Judicial Appointments


Judicial Appointments
by JBS President Emeritus John F. McManus

There are approximately 150 federal district and appeals court vacancies in the nation. Although President Trump has appointed and gained Senate approval for more than two dozen justices, the number of vacancies has risen. A few weeks ago, Mr. Trump made note of the many holes in the judicial branch while promising speedy action to deal with the problem.

US Supreme Court, Image from Wikimedia Commons by UpstateNYer (Matt H. Wade), CC BY-SA 3.0.

In mid-March, Mr. Trump discussed his opportunity to reshape U.S. courts when he told a gathering of Ohio supporters of his intention to make good appointments. “We’re going all out,” he said. He described his opportunity to fill many vacant federal judicial posts as a “gift from heaven [that is] world-changing, country-changing, USA-changing.”

Especially needing attention are vacancies that have arisen in the San Francisco-based Ninth Circuit Court of Appeals. Notorious for its damaging leftist rulings, the Ninth Circuit has jurisdiction over nine states: Alaska, Hawaii, Washington, Idaho, Montana, Oregon, Nevada, Arizona, and California. Numerous Ninth Circuit rulings have bedeviled not only the nine states where this court holds sway but the entire nation has been affected. One of this court’s leading leftists, Judge Stephen Reinhardt, passed away on March 29. His vacant seat and seven more vacancies in the 29-member Ninth Circuit, present Mr. Trump with a golden opportunity to move the nation’s most activist and leftist court toward a more conservative and constitutional stance.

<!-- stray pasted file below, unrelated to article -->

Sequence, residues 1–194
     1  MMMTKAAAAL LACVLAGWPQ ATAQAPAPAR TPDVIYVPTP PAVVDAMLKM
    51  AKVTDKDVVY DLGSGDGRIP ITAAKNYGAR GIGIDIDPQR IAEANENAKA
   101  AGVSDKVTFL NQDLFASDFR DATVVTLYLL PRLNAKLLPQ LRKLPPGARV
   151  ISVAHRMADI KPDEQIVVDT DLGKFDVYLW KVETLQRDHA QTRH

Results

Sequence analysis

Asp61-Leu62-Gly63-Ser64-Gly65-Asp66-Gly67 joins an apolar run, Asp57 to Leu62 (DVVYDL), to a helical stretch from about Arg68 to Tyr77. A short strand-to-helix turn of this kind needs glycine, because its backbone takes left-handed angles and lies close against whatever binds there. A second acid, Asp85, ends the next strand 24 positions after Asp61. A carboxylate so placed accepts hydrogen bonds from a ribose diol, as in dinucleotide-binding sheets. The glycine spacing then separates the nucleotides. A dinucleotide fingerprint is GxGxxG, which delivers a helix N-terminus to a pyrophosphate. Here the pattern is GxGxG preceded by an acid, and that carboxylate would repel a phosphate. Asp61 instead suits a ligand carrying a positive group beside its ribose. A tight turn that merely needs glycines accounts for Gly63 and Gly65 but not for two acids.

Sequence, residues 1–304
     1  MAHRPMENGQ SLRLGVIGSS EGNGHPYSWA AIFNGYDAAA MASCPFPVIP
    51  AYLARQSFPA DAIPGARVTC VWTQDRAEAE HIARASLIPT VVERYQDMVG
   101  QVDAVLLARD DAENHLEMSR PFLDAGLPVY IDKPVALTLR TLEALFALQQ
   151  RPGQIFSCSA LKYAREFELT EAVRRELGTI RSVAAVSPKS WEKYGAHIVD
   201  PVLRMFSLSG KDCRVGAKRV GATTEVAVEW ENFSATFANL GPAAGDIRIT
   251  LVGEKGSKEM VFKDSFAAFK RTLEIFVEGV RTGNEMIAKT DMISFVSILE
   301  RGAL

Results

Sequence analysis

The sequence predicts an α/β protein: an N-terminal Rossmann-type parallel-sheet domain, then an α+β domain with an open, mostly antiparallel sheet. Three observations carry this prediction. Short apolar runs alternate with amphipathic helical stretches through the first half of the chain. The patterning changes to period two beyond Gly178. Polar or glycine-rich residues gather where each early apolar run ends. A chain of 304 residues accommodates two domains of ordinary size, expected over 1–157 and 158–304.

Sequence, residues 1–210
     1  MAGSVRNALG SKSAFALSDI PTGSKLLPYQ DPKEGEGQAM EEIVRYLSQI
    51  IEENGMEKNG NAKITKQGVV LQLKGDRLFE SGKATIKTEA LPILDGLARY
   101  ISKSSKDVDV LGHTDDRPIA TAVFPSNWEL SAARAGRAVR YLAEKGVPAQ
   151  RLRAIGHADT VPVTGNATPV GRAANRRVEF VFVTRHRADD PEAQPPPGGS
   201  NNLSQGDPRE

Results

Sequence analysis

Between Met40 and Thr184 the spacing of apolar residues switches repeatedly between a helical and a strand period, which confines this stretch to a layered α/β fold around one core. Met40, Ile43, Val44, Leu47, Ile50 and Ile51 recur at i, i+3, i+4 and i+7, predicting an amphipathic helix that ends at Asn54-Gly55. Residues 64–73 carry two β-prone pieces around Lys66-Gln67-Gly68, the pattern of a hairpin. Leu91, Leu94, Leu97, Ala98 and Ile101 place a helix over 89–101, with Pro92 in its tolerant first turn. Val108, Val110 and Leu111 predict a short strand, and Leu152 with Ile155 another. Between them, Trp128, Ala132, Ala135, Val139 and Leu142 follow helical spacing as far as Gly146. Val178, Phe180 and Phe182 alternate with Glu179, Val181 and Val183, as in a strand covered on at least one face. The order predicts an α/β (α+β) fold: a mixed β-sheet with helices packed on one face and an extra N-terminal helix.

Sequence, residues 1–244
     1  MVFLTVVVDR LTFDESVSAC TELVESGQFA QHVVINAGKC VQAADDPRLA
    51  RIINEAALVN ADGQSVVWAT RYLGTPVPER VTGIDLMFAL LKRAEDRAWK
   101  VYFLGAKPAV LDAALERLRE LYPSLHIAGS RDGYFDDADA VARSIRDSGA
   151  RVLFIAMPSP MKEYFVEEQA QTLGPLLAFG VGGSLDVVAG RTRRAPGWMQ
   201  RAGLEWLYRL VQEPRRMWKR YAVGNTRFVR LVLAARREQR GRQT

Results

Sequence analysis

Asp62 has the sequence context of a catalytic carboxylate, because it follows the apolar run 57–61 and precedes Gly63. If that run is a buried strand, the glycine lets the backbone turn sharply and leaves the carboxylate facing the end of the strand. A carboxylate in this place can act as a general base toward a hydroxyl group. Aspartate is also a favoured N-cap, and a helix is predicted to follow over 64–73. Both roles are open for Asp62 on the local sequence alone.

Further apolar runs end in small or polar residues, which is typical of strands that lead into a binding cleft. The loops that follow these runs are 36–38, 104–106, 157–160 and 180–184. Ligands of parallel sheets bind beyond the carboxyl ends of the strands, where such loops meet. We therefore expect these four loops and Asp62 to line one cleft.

Nominating federal judges is, of course, only the first of two steps to have a new judge seated. The Senate must approve a nominee. In the past, senators could block a nomination via a filibuster that would take 60 votes to overcome – a difficult hurdle. But, during the Obama administration, the Senate weakened and effectively killed the filibuster process. Now only a majority will be needed to gain approval.

The Senate has also cancelled a process known as “blue slip” blockage of a judicial nominee. It allowed a senator to block approval of an appointee who resides in his or her state. A simple placing of a nominee’s name on a “blue slip” and presenting it to the Judiciary Committee Chairman was sufficient to kill nomination. But current Judiciary Committee Chairman Senator Charles Grassley (R-Iowa) has announced that he will not honor the use of this practice by any senator who might wish to block approval of a particular nominee. Senator Dianne Feinstein (D-Calif.) had already stated her intention to issue a blue slip for any Trump nominee she finds objectionable. But the Grassley move will likely terminate permanently the issuance of the infamous blue slips.

Prospects for Mr. Trump to dramatically alter the stance of the notoriously leftist Ninth Circuit and other federal courts have raised concerns among California liberals. Dean Erwin Chemerinsky who leads the University of California (Berkeley) School of Law considered deceased Justice Reinhardt his ideological equal. He now sees future setbacks for liberal judicial dominance, especially in the Ninth Circuit. Chemerinsky has stated, “With a Republican Senate and no possibility of a filibuster, [Donald Trump] can have whoever he wants on the circuit court.” He expects a “dramatic change in the Ninth Circuit.”

President Trump has an opportunity to markedly improve adherence to the rule of law throughout the nation. He should be encouraged by many Americans to do so.

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McManus_2Mr. McManus served in the U.S. Marine Corps in the late 1950s and joined the staff of The John Birch Society in August 1966. He has served various roles for the organization including Field Coordinator, Director of Public Affairs, and President. Mr. McManus has appeared on hundreds of radio and television programs and is also author of a number of educational DVDs and books. Now President Emeritus, he continues his involvement with the Society through public speaking and writing for this blog, the JBS Bulletin, and The New American.